Peter and Olivia go on a quest for the stabilizer and unleash a trail of Fringe events in their wake.

It was a pretty awesome visual to have so many of the FRINGE “cases of the week” come back thanks to Peter and Olivia spraying gas over Observers as they invaded Observer territory while on their quest for the stabilizing cubes, but the mechanics of it was a little bizarre. Either way, after Peter got the cube to stabilize the wormhole in his possession, they were able to save Broyles, who was being held in an unventilated room nearby. Yay, luck!

September changes the plan…but it doesn’t matter in the end.

Inspired by Walter’s love for Peter — and with 20+ years of learning to understand the depths of his emotions — September realized that what he felt for Michael was love, so he told Peter he’d would be the one to travel with his son to the future, and took the inoculation to make it happen.

“It’s not about fate, Walter, yours or mine,” September informed a crushed Walter, who had been planning on sacrificing himself for his own redemption. “It’s about changing fate. It’s about hope. And protecting our children.”

Which, really, is so much of the series summed up right there. The events of the show kicked into gear because all Walter wanted to do was protect a dying version of his son. He didn’t intend to keep him, he just needed to know that there was a version of his Peter in existence out there; his love overrode all rational thoughts. He changed fate and thus everything we saw happened. How could Walter in any way fault a father for wanting to be with his son?

But the gesture ended up being for nothing.

As the plan came together later in the episode, the Observers didn’t take too kindly to their shipping lane being taken hostage. September and Michael were running to the wormhole and September was shot in the back. Michael sat down and played his little music box for his fallen father, and Walter realized he’d have to make the sacrifice he had so recently been relieved from.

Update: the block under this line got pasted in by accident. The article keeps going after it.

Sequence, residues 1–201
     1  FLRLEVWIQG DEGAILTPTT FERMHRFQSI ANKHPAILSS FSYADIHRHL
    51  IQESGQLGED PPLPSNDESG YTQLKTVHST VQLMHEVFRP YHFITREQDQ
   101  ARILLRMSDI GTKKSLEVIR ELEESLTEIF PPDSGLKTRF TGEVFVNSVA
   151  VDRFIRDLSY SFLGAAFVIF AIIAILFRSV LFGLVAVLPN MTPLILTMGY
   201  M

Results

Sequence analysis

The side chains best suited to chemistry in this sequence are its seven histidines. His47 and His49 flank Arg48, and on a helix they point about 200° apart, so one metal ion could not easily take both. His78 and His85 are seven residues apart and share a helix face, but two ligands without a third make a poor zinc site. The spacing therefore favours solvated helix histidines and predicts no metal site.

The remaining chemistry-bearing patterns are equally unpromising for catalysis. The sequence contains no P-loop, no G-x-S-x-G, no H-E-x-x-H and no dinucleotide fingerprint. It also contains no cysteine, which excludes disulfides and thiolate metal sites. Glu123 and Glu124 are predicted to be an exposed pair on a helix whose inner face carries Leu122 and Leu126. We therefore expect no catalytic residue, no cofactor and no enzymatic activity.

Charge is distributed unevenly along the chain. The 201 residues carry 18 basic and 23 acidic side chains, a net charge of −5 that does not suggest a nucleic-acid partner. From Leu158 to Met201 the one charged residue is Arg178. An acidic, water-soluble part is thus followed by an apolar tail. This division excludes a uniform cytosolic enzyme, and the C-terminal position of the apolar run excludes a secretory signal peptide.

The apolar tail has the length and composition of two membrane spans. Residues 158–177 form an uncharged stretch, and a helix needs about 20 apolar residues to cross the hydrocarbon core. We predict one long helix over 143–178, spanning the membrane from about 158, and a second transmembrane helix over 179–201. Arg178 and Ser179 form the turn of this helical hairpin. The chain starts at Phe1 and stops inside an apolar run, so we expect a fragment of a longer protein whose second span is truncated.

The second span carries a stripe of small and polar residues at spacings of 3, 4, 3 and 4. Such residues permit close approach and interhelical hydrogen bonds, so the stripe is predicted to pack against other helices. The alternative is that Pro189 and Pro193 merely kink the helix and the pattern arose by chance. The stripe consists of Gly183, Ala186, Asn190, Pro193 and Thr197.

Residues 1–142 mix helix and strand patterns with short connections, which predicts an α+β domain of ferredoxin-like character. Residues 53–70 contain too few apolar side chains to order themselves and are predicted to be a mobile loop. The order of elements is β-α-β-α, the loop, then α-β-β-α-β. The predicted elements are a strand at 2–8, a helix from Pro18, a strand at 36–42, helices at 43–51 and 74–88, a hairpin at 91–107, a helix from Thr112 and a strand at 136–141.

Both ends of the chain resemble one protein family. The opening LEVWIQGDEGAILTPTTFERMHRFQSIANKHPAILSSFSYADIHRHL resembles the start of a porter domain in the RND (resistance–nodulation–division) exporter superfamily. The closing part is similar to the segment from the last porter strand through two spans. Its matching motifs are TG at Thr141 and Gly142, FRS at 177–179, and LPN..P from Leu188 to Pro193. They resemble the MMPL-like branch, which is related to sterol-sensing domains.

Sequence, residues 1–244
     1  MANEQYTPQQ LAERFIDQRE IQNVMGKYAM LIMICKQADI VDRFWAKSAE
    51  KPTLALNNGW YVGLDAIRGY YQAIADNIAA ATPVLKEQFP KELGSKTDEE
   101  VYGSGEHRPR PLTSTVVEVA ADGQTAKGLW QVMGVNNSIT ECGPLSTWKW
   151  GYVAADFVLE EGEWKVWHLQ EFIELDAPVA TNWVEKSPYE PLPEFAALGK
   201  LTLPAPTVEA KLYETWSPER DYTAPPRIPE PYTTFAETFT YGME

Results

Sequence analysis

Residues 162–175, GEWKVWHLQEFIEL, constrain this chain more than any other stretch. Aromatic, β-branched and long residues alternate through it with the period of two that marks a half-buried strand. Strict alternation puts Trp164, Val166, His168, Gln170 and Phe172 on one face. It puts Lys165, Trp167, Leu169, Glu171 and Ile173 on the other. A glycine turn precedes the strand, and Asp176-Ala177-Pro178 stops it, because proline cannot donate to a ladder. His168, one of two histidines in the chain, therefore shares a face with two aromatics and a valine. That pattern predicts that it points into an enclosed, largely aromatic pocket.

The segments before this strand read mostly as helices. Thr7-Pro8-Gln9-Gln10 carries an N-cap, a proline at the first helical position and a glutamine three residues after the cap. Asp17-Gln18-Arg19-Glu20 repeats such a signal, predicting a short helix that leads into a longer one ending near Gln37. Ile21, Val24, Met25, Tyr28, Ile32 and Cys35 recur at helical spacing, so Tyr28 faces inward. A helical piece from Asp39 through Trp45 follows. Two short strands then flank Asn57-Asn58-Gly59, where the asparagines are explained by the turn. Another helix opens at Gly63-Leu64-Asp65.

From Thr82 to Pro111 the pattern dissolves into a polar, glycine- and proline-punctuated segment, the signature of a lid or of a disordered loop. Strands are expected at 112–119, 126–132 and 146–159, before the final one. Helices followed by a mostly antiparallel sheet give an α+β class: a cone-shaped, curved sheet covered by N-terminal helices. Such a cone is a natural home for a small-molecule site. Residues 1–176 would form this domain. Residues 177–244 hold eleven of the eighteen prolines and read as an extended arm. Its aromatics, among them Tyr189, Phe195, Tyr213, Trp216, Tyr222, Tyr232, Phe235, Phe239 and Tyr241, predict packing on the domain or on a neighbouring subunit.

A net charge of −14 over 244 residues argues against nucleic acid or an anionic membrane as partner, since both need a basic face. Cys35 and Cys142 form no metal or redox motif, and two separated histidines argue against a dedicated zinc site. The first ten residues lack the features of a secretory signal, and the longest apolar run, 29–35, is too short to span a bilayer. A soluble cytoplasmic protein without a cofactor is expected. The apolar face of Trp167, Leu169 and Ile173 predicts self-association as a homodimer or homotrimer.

There was no time for real goodbyes this time around between Walter and the people he loved, but that almost worked better. The sorrowful looks between Peter and Walter? Heartbreaking. As was Peter’s mouthed, “I love you, Dad.” We saw a brief moment of grief from Astrid, but it’s a real shame Walter and Olivia never got any closure.

Adios, Windmark.

The only good thing about the Observer versus Our Team fight? Windmark finally died. He kicked Peter’s butt and the parallel of him choking Olivia in a similar way to Etta’s final moments was jarring, but in the end he got squished by a car that was moved by telekinesis. So…there’s that. (Is it terrible I wanted his death to be more painful? Yes? Fine.)

The timeline was reset.

With Walter and Michael doing their part in the future to show that emotions aren’t terrible and maybe the Observers shouldn’t invade us, please, bam, next thing you know, we’re back there in the park where the season opened up. Probably not a surprise to most viewers; we’ve been theorizing about it for months, and nearly every theory I’ve read about how the series would end ultimately resulted with them in that field again. I’m…still torn about the reset. It certainly appeared that all of season 5 was wiped away from existence, and while the year was often depressing as heck, losing powerful moments like Walter seeing the lone flower growing, Etta’s death, and Nina’s sacrifice hurts. But it’s done, and young Etta was delighted to be with her parents, none the wiser to how terribly difficult her life nearly was. No big, bad Observers to split up the happy family, only the dreaded bath time to fear.

Peter gets that letter from Walter.

Etta finally gets her bath, and Peter opened up that fateful a letter from Walter. (“I sent you a letter. It contains something of mine.”) Inside? That missing white tulip drawing. Peter at first looked amused/confused, and then he quickly looked up…knowingly.

And this is where things are about to get really nerdy, folks.

I’m sure this has already been debated, but what does Peter know? In Astrid’s goodbye to Walter, it certainly seemed like they were saying when they rebooted the timeline, they wouldn’t have a memory of the future. (And therefore, Peter wouldn’t remember seeing the tape where Walter warned he’d do exactly that.) Does he know his father is now gone? Does he remember all of what he went through in season 5?